In our society we have become so obsessed with Halloween we forget the following day, November 1st, is All Saints Day.
When we confess the Apostles’ Creed*, in particular the phrase ‘the communion of saints’ our words echo with the voices of the saints, believers from throughout history.
All Saints’ Day is a time for us to remember the ordinary people who’ve made possible our faith, to recognise that we speak with their tongues, that we’re indebted to their faithfulness. On All Saints’ Day, we remember that we are not alone, that they accompany us.
In the book of Revelation, we glimpse a heavenly vision of the communion of saints, of believers in solidarity with us — a multitude “from every nation, tribe, people and language” around the throne of God (Revelation 7:9 NIV). When we say, toward the end of the creed, that we believe in “the communion of saints,” we’re calling upon that scene in Revelation 7 — the reassurance of a people on our side, the knowledge that their God is our God.
“The communion of saints” isn’t a select club of very special people. Instead, the phrase is a name for the church through the ages, the many people who’ve made possible our communion with God. They welcome us into a community that reaches out to us from beyond death.
Saints are people who offer their lives as a home for God, to make room in the world for God’s life to grow. They bear witness to what it looks like to let God live in this world through them. In other words, saints show us how to be disciples. They reveal that discipleship is about hospitality to God: welcoming God’s love into our lives so that new life may be born for others.
That’s why Mary, the mother of Jesus, is the first saint, the person who “brought God’s salvation to the world.” She is the first one in the Christian story to show hospitality to Jesus — God with us, God of her flesh.
Other than Jesus, there are two people named in the Apostles’ Creed: Pontius Pilate and Mary, “the one who says ‘no’ to him,” the Anglican theologian Rowan Williams remarks, and “the one who says ‘yes’ to him.” Pilate the sinner, Mary the saint. Their lives outline the possible responses to God.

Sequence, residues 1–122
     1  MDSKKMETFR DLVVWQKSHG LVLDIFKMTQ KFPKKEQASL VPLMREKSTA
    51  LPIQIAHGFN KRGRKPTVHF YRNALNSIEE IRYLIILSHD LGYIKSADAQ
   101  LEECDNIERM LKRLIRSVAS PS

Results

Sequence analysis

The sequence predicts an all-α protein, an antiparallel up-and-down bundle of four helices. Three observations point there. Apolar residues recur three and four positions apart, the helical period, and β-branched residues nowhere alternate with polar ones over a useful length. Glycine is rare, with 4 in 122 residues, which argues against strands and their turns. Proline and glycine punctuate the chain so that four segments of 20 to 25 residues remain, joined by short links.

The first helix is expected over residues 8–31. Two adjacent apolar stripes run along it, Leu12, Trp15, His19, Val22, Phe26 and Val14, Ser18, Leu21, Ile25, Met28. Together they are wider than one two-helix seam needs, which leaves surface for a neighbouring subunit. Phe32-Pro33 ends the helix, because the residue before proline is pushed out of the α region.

As sinner and saint — each of us as both at the same time — we wobble from one figure to the other. From day to day, moment to moment, we teeter between resistance and reception of Jesus.
We’re usually like Pilate in our rejection of God’s work in the world and in our lives. But we’re called to be like Mary, to echo her yes, to emulate her posture of welcome to God’s life, the labour of hospitality, to make room for God.
“Behold, I am the servant of the Lord,” Mary responds to God’s plan for her life. “Be it done to me according to thy word” (Luke 1:38).
Saints like Mary, the mother of our faith, guide our discipleship. They testify to the miracle of grace. They bear witness to the movement of God, the labour of the Spirit who transfigures our lives with the Word when we say yes to the gospel. They share the life of God with the world. Their witness beckons us into the gospel, into Christ’s love, for God’s love to become flesh with us.
The lives of ordinary saints not only provide models for discipleship; they proclaim a truth about God, that the Spirit dwells with people, that Christ welcomes us into his body. Like Mary, Christ has said yes to each of us. He has opened his life to receive our lives; he draws us into communion with the saints.
We are here, as members of God’s people, because the Holy Spirit has baptized us with grace, joining our flesh to the faithful who’ve come before us, all of us as members of one another.
All Saints’ Day is an announcement of the hospitality of God — that we are being welcomed into a communion that reaches from Mary to us, through people of every generation, all as a declaration of God’s love for the world. Saints surround us with the Spirit’s embrace.
I believe in God, the Father Almighty, Creator of Heaven and earth;
and in Jesus Christ, His only Son Our Lord,
Who was conceived by the Holy Spirit, born of the Virgin Mary, suffered under Pontius Pilate, was crucified, died, and was buried.
He descended into Hell; the third day He rose again from the dead;
He ascended into Heaven, and sitteth at the right hand of God, the Father almighty; from thence He shall come to judge the living and the dead.
I believe in the Holy Spirit, the holy Catholic Church, the communion of saints, the forgiveness of sins, the resurrection of the body and life everlasting.